Health Holocaust

Dr Neil Anderson

Royal Commonwealth Society for the Blind

Union Carbide's Second Poisoning of Bhopal

"Officially MIC is classified as about twice as lethal as cyanide...[beyond the eyes and lungs]...the liver is fairly badly affected, the spleen is very badly affected...and finally the kidney seems to be severely affect... and something that doesn't get better over time, it seems to get worse."

On the twentieth anniversary of the Sambhavna Clinic, on September 2nd, 2016, a preliminary report from a ground-breaking study revealed that cancer incidence, in people exposed to the methyl isocynate (MIC) gas leak of 1984, is ten times greater than in the unexposed population.
Pictured, Kaneeza Bee, Bhopal survivor and activist who died of stomach cancer on 28th January, 2016.

In the absence of medical information, there are no treatment protocols available which are specific to exposure-induced, multi-systemic problems. Of the two official publications resembling treatment protocols, one covers little except the management of respiratory problems, and the vast majority of the medical community in Bhopal is not even aware of its existence. As a result, drugs for temporary symptomatic relief have been the mainstay of medical care ever since the morning of the disaster.

In a sample of 865 women who lived within a kilometre of the plant and who were pregnant at the time of the gas leak, 43 percent of the pregnancies did not result in live births. Of the 486 live births, 14 percent of babies died in the first 30 days compared to a death rate of 2.6 to 3 percent for previous deliveries in the two years preceding the accident in the same group of women.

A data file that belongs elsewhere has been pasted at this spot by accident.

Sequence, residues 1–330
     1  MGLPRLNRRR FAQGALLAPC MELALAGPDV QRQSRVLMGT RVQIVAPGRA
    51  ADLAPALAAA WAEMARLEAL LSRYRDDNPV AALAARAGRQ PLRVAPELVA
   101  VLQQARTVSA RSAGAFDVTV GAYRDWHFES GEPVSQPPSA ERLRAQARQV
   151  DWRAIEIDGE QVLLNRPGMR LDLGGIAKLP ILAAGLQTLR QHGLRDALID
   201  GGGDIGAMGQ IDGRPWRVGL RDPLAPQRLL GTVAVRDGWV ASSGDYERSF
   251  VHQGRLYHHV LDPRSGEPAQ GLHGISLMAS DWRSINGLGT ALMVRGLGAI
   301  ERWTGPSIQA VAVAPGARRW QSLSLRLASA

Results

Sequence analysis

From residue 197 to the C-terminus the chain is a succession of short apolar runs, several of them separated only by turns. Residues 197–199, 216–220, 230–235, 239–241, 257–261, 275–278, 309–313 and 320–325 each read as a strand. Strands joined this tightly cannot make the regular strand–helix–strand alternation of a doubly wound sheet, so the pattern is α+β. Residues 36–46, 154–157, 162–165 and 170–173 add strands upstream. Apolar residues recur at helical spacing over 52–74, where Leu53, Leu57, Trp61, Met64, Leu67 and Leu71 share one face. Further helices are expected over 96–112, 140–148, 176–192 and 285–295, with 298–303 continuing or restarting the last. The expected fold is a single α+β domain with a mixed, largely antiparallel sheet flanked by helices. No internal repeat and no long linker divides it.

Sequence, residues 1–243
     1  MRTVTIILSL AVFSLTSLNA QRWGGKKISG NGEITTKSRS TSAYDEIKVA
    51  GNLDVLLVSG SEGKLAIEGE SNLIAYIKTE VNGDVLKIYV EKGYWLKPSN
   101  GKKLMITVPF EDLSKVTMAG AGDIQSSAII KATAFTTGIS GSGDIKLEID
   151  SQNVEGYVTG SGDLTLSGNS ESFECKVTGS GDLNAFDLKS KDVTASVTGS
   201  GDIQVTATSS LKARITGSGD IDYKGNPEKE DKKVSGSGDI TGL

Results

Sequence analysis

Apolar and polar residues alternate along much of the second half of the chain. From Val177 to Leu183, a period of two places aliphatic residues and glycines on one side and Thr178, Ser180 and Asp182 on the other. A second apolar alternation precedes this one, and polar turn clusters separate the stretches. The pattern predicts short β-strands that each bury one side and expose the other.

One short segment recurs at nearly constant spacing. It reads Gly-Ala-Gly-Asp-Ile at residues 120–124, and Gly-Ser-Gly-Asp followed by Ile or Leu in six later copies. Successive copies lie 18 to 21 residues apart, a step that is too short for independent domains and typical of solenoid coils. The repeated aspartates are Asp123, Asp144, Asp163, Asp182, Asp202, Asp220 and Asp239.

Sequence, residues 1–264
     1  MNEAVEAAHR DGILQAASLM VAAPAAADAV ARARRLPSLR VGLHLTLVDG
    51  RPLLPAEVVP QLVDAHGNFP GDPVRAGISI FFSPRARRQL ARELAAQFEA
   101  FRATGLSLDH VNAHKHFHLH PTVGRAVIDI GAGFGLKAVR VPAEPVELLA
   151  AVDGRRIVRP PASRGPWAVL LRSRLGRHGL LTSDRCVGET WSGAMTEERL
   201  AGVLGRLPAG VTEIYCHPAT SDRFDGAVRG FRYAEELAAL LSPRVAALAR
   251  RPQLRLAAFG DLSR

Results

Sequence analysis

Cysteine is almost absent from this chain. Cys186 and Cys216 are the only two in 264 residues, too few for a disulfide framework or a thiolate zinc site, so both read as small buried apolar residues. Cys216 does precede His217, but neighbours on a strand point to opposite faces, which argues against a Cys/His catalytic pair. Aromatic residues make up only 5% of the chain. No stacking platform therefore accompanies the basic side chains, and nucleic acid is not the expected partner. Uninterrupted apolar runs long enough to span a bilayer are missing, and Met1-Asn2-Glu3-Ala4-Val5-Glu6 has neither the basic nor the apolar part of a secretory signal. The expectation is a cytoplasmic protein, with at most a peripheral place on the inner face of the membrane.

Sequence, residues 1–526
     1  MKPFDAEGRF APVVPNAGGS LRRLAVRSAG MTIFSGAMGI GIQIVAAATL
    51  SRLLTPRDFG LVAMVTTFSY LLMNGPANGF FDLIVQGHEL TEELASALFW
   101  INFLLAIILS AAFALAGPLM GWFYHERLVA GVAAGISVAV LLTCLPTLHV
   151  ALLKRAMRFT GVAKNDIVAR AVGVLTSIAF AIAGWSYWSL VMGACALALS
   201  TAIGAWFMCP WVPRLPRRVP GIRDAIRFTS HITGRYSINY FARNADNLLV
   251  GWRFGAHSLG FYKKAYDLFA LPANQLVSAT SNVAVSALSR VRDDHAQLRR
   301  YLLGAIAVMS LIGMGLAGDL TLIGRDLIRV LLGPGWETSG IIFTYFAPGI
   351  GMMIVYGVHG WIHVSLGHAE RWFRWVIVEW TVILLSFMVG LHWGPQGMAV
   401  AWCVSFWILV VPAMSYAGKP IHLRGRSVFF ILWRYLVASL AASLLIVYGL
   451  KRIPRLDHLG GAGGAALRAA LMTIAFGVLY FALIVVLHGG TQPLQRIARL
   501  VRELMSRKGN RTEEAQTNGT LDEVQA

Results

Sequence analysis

Following the disaster on December 2nd 1984, the Indian Council of Medical Research [ICMR] – a government agency – concluded, on the basis of mortality figures, that over 520,000 exposed persons had poisons circulating in their bloodstream causing different degrees of damage to almost all the systems in the body.

Given the official neglect towards monitoring and care of gynaecological complications caused by the disaster, special attention is given to this area at the Sambhavna Clinic. While officials continue to deny any exposure-related gynaecological health consequences, data collected at Sambhavna shows that of 190 females, aged between 13 and 19, who came to the clinic between 1st June 1999 and 31st March 2000, 113 reported menstrual problems, including painful and irregular menses, heavy bleeding and excessive vaginal secretions.

"As an example of a holistic, environmentally-sound, community-focused and patient-centred approach to healthcare, the Sambhavna Clinic is way ahead of anything I have ever visited or worked in, anywhere in the world."

Dr John Hurst, Senior Lecturer, Honorary Consultant, UCL Medical School / Royal Free Hampstead NHS, London